skip to Main Content
How Would A TikTok Ban Affect Buoyant Print Sales? The Self-Publishing News Podcast With Dan Holloway

How Would a TikTok Ban Affect Buoyant Print Sales? The Self-Publishing News Podcast with Dan Holloway

In this episode of ALLi‘s Self-Publishing News, Dan Holloway explores the potential impacts of a TikTok ban on print book sales, particularly in the romance and fantasy genres. He also highlights the recent sale of a first edition of Tolkien’s The Hobbit for £31,000, discusses the latest print and eBook sales figures, and addresses the controversy surrounding OpenAI’s use of a voice resembling Scarlett Johansson.

Thoughts or further questions on this post or any self-publishing issue?

If you’re an ALLi member, head over to the SelfPubConnect forum for support from our experienced community of indie authors, advisors, and team. Simply create an account (if you haven’t already) to request to join the forum and get going.

Non-members looking for more information can search our extensive archive of blog posts and podcast episodes packed with tips and advice at ALLi's Self-Publishing Advice Center.

Listen to Self-Publishing News: TikTok Ban

On the Self-Publishing News podcast, @agnieszkasshoes explores the potential impacts of a TikTok ban on print book sales, particularly in the romance and fantasy genres. Click To Tweet

Don't Miss an #AskALLi Broadcast

Subscribe to our Ask ALLi podcast on iTunes, Stitcher, Player.FM, Overcast, Pocket Casts, or Spotify.

Subscribe on iTunes   Stitcher Podcast Logo for link to ALLi podcast   Player.fm for podcasts   Overcast.fm logo   Pocket Casts Logo  

About the Host

Dan Holloway is a novelist, poet, and spoken word artist. He is the MC of the performance arts show The New Libertines, He competed at the National Poetry Slam final at the Royal Albert Hall. His latest collection, The Transparency of Sutures, is available on Kindle.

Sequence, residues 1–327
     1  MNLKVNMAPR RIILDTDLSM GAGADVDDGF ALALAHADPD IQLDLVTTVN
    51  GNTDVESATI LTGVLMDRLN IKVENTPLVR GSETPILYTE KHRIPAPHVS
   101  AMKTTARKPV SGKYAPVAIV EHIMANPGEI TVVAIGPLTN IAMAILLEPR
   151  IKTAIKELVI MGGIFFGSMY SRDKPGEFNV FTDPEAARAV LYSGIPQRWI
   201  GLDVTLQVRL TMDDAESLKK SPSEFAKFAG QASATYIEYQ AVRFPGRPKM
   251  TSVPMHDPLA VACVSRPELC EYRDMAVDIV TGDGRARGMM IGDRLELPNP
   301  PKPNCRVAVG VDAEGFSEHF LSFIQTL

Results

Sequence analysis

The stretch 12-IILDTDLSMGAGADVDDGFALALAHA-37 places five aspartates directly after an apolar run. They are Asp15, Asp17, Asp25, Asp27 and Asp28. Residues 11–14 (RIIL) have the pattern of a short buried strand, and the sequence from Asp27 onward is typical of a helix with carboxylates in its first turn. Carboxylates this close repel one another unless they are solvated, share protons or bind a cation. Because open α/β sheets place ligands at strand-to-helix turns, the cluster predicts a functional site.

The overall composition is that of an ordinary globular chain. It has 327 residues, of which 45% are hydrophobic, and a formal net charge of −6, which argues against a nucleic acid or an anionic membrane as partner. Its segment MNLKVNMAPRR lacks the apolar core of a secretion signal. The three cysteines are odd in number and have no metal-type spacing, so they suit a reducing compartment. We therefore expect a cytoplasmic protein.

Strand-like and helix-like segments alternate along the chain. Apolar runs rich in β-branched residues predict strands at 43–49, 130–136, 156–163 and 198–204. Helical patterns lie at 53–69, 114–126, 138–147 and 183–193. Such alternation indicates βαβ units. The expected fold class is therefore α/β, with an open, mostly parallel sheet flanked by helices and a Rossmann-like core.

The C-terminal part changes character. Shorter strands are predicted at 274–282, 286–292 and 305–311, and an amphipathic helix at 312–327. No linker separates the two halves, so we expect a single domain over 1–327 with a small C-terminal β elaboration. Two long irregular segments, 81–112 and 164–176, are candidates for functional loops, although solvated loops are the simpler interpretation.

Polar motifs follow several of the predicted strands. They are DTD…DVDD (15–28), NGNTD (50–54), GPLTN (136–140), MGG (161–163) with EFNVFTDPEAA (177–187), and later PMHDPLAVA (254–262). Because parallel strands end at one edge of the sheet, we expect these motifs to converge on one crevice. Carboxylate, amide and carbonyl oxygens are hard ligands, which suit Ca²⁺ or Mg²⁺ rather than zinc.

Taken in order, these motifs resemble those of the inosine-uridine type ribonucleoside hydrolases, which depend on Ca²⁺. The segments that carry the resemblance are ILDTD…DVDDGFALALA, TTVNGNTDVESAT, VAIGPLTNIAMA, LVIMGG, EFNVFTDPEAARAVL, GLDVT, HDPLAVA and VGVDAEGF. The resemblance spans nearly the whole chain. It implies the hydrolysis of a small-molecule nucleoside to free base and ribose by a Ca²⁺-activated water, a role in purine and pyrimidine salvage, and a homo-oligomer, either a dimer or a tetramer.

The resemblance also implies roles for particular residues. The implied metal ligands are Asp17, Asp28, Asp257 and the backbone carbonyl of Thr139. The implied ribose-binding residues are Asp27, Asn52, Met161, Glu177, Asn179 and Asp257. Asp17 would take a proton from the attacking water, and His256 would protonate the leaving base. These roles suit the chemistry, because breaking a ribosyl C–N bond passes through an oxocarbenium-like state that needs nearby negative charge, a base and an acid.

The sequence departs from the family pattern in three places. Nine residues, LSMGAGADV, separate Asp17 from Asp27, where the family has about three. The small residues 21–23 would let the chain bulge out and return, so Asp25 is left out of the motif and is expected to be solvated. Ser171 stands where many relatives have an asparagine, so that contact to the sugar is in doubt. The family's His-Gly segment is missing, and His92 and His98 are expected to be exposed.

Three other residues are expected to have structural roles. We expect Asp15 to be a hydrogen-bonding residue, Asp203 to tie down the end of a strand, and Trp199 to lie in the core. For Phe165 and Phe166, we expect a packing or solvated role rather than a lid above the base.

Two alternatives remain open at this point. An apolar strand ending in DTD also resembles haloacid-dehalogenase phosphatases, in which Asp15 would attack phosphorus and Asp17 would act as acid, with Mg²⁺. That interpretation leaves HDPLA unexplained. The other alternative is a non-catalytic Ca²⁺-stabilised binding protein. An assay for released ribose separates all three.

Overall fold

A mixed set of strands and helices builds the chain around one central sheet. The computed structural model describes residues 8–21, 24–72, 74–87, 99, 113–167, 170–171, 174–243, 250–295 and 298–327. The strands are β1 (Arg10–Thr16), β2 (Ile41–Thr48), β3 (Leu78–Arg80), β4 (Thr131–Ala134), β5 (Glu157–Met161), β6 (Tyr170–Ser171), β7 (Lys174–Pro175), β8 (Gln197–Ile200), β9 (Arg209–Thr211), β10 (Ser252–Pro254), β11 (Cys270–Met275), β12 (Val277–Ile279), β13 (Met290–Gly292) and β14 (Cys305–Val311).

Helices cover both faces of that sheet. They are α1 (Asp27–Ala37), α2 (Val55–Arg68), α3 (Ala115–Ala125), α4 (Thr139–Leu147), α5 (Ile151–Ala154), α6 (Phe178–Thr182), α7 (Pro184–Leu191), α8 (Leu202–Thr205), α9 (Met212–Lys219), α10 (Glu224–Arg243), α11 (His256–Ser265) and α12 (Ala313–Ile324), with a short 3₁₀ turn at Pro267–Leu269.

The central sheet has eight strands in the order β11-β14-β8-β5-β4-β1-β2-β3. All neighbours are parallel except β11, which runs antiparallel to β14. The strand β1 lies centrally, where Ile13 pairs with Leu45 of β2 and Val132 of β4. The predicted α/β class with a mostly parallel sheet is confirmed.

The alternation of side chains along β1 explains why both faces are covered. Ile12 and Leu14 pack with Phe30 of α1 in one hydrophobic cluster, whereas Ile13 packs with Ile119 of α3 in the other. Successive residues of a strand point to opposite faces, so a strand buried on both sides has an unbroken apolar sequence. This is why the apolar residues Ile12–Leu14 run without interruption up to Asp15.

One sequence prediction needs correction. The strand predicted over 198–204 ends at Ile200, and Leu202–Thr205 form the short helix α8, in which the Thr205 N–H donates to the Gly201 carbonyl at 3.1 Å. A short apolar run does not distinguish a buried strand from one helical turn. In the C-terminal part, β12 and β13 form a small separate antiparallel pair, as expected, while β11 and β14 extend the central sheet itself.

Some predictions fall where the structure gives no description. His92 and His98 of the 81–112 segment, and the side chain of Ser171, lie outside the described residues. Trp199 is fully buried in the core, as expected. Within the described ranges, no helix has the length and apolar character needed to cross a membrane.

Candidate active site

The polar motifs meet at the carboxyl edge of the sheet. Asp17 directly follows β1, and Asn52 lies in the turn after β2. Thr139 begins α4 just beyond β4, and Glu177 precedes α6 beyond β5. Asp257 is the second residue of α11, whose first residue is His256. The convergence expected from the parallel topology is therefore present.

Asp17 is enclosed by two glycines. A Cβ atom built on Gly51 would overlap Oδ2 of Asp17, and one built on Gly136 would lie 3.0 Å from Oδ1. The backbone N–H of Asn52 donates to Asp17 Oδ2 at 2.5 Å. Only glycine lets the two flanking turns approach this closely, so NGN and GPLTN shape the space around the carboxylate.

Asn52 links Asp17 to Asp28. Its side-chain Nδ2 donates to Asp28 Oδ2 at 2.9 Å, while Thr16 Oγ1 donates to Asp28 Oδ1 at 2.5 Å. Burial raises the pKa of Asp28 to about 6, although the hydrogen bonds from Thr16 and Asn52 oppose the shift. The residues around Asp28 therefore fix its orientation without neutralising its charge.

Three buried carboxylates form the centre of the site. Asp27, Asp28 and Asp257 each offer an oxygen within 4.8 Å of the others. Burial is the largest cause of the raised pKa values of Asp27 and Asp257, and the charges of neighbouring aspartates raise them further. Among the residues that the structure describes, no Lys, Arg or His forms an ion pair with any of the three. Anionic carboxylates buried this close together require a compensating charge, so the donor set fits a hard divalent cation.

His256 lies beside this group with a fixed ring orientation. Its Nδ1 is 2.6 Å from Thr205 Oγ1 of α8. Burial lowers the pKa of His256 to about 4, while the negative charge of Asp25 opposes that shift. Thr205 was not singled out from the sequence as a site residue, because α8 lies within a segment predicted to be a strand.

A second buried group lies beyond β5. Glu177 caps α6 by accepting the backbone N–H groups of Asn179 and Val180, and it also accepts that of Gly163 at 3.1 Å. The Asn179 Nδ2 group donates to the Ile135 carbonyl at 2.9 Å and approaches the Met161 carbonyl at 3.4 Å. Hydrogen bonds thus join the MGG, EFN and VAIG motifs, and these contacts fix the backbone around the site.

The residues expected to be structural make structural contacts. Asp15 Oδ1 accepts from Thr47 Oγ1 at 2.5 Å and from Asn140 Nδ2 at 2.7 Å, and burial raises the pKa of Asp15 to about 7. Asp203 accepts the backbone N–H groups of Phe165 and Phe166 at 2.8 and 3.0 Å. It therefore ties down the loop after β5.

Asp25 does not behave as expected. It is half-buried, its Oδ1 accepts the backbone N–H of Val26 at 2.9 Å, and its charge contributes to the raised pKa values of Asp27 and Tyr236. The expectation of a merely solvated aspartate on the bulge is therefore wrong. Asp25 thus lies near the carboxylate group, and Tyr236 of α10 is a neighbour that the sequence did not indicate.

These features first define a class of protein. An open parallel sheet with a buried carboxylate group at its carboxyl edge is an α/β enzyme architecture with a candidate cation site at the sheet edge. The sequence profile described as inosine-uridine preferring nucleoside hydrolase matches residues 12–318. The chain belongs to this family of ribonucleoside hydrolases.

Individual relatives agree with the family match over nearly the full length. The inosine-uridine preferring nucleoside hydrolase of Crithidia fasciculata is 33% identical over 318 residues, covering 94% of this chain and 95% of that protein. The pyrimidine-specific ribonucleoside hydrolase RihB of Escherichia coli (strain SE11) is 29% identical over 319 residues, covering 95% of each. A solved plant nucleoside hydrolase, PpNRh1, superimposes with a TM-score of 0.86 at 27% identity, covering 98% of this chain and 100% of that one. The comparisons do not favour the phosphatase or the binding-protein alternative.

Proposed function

Read the Transcripts to Self-Publishing News: TikTok Ban

Dan Holloway: Hello and welcome to another Self-Publishing News from a very wet and non-summery Oxford, where we've just had the May Spring, as it is called, bank holiday, not that you would know it, where I managed to celebrate by doing what I love doing best on bank holidays, and spending a lot of time running a very long way through the muddy hills.

Now I'm back and delighted to share some of the news with you. I want to start by giving a huge shoutout to Howard, who has very generously spent much of his afternoon today, or actually his morning, my afternoon, telling me how to fix my sound levels. I am a total tech numpty, I believe, is the technical phrase. So, if this sounds a little clearer than normal, we have only Howard to thank, who really does have the patience of a saint, as well as being a fabulous podcast editor and, of course, writer and editor. So, thank you to Howard.

The Hobbit First Edition Sells for £31,000

First of all, here's some news that didn't actually make it to the column this week. It didn't quite feel like it was something that made a whole column's worth of news, but nonetheless, and especially here in Oxford, it is big news, and that is the news of the sale of the first edition of Tolkien's, the Hobbit, a book that many of us will be very familiar with, that will have started our reading journey, started our writing journey, and will still play a fond part in our writer's backstory.

Obviously, particularly a big thing here in Oxford, where Tolkien spent so much of his life. A first edition of The Hobbit, there were only 1500 ever printed, this was not only a beautifully preserved copy, but it was a copy that had personal annotation by Tolkien, and apparently the word Dodgson, which referred to Charles Dodgson, otherwise known as, of course, Lewis Carroll, though I don't know if there's anyone else who has the same association when they see just the word Dodgson written.